good. So, that was sort of luck of a draw. Right? You got that? You know, off market deal, right?

Mark Ferguson 32:21
Yes. And in dealing in the commercial world versus the residential, it’s so different. There’s Oh, it’s

Jason Hartman 32:27
massive. A lot of

Mark Ferguson 32:29
Yeah, listings. It’s more about who you know, then what you can do yourself. It’s, it’s crazy. Yeah,

Jason Hartman 32:36
no question about it. Good. Good stuff. Okay. So back to our wrap up question. Just any thoughts before you go? gave out your website already, but just just wrap it up for us with any closing thoughts,

Mark Ferguson 32:48
just happy to be on the show love to help people. Like I said, the blog is a great place. If you want to learn more, you can always email me [email protected] and then we have a pretty robust YouTube channel too, with 30,000 supporters. Drivers where I show all my properties and give other advice is just to search for investor more on YouTube and you’ll find that there too.

Jason Hartman 33:06
Fantastic. Thanks Mark.

Mark Ferguson 33:08
Thank you happy to be on the show and really enjoyed it.

Jason Hartman 33:12
Thank you so much for listening. Please be sure to subscribe so that you don’t miss any episodes. Be sure to check out the show’s specific website and our general website heart and Mediacom for appropriate disclaimers and Terms of Service. Remember that guest opinions are their own. And if you require specific legal or tax advice, or advice and any other specialized area, please consult an appropriate professional. And we also very much appreciate you reviewing the show. Please go to iTunes or Stitcher Radio or whatever platform you’re using and write a review for the show we would very much appreciate that. And be sure to make it official and subscribe so you do not miss any episodes. We look forward to seeing you on the next episode.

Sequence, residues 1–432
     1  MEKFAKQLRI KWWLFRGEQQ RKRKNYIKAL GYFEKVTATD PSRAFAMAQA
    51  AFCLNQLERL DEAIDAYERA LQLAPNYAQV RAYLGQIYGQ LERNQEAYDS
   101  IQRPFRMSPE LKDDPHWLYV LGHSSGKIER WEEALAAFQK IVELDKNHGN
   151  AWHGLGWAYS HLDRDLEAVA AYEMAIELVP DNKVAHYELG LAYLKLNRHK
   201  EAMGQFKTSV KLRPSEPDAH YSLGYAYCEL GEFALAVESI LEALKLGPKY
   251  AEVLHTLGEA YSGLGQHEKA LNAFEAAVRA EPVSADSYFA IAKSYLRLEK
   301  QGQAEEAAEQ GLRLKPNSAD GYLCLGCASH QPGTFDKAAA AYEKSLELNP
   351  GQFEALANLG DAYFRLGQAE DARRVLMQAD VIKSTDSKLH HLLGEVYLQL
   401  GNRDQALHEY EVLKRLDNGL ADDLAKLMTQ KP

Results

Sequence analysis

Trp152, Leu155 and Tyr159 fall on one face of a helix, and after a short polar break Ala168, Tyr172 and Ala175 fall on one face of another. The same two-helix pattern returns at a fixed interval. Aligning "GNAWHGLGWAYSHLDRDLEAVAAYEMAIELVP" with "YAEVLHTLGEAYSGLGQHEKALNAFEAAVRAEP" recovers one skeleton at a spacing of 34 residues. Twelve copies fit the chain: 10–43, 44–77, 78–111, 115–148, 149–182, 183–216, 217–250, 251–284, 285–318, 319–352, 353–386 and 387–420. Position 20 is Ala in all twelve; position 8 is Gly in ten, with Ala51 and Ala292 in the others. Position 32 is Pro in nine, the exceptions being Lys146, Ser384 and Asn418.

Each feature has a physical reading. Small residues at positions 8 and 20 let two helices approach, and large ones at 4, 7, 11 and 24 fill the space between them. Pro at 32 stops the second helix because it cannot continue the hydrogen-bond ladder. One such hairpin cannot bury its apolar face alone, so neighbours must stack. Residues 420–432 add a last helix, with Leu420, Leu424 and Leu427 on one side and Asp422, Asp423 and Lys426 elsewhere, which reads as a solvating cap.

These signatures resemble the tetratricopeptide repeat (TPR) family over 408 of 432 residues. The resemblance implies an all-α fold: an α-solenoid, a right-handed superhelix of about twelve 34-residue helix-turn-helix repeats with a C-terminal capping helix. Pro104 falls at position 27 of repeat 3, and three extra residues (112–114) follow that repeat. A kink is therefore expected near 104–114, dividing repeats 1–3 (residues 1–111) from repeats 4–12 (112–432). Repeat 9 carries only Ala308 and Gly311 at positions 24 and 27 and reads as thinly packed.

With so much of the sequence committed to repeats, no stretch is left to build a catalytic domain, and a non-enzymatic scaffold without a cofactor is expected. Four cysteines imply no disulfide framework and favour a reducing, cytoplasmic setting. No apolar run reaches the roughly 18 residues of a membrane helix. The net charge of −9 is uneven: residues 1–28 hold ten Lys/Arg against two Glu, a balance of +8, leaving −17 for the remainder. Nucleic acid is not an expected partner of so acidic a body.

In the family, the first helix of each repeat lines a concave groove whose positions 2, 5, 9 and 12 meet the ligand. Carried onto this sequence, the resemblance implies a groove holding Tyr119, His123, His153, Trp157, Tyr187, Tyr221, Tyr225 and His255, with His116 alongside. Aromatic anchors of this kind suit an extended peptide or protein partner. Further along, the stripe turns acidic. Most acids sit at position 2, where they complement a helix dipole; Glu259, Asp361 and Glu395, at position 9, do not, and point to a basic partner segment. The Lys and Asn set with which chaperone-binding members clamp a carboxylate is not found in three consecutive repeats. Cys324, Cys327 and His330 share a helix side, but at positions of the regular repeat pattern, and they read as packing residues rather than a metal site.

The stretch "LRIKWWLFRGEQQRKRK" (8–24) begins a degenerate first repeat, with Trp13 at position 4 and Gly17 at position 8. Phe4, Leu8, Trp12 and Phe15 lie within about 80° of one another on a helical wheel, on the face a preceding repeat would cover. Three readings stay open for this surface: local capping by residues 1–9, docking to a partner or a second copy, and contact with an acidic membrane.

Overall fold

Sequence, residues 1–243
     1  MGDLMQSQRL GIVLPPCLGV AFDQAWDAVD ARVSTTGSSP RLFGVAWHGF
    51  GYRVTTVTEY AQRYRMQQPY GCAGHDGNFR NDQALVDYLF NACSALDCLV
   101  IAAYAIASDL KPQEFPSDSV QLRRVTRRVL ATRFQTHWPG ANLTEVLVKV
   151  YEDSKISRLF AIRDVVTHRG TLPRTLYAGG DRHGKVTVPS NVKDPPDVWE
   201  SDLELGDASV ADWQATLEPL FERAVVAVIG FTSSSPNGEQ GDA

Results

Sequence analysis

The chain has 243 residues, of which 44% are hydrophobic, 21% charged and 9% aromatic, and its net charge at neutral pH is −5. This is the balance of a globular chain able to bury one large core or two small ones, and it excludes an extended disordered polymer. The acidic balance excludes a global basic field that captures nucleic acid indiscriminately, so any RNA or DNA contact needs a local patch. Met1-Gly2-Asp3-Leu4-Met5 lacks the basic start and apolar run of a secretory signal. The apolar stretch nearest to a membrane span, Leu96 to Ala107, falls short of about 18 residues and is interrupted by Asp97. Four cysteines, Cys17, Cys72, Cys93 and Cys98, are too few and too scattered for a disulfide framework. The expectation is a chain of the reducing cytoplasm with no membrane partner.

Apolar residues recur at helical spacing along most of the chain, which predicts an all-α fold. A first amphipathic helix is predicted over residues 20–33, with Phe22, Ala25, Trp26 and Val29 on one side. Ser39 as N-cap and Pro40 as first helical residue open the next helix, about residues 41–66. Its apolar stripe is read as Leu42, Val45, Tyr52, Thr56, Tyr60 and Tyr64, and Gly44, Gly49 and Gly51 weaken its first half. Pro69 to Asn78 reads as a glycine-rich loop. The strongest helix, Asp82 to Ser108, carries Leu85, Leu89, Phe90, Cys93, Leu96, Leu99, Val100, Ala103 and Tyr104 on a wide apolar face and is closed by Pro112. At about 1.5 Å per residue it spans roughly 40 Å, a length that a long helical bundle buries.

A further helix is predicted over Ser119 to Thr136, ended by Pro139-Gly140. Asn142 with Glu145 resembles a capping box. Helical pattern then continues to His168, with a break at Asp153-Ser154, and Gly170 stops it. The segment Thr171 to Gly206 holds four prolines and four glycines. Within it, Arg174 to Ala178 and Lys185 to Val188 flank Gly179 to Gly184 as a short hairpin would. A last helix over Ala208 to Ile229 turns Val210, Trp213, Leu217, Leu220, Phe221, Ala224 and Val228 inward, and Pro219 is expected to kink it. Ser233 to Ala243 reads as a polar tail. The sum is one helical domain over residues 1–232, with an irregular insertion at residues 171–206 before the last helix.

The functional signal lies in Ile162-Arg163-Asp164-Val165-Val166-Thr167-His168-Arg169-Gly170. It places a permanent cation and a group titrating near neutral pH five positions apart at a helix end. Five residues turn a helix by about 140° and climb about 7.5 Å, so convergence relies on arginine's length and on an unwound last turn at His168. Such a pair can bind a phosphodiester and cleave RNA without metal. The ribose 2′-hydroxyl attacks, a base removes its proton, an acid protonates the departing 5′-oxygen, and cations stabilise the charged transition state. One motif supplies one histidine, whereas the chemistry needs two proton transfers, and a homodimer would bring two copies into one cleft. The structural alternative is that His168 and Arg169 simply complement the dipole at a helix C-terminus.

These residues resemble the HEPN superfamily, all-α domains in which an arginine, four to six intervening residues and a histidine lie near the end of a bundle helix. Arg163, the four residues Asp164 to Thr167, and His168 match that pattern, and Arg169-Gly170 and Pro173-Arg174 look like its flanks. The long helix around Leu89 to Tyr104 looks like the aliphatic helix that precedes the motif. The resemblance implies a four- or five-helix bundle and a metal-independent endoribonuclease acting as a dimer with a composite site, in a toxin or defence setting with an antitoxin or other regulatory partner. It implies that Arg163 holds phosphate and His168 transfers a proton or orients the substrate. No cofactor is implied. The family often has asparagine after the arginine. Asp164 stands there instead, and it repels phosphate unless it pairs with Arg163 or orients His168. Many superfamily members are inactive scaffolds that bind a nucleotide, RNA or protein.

AMA 346: Chrysta Castañeda, The Last Trial of T. Boone Pickens

Jason interviews Chrysta Castañeda, author of The Last Trial of T. Boone Pickens. Get the oil and gas industry insight from Chysta, the go-to lawyer for high stakes litigation in the energy industry and beyond. Chrysta shares her experience with T. Boone Pickens and her knowledge of the current oil market problems. 

Key Takeaways:

[1:30] What happened with Pickens and how did the investment deal go bad?

[5:40] “As we saw the financial markets plummet, so did the oil market”

[6:30] Suadi Arabia and Russia are starting a supply war with oil, which was already oversupplied

[8:30] There is a coordinated market mechanism for oil production limitations

[11:40] Brief history about the name “Railroad Commission”

[14:00] Will we shift to a larger work-from-home community?

15 plastic



Jason Hartman Quick Start

Jason Hartman PropertyCast (Libsyn)

Jason Hartman PropertyCast (iTunes)

Jason Hartman’s Blogcast

Inflation as a Business Plan for Governments and Central Banks

On this Flash Back Friday originally published in September 2017 as episode 887, Jason discusses a pending financial crisis. He outlines the business plans of the government to easy inflation and talks about which of these plans will have negative consequences. Jason illustrates how governments report inflation and presents us with some educational resources to better understand the concept of inflation.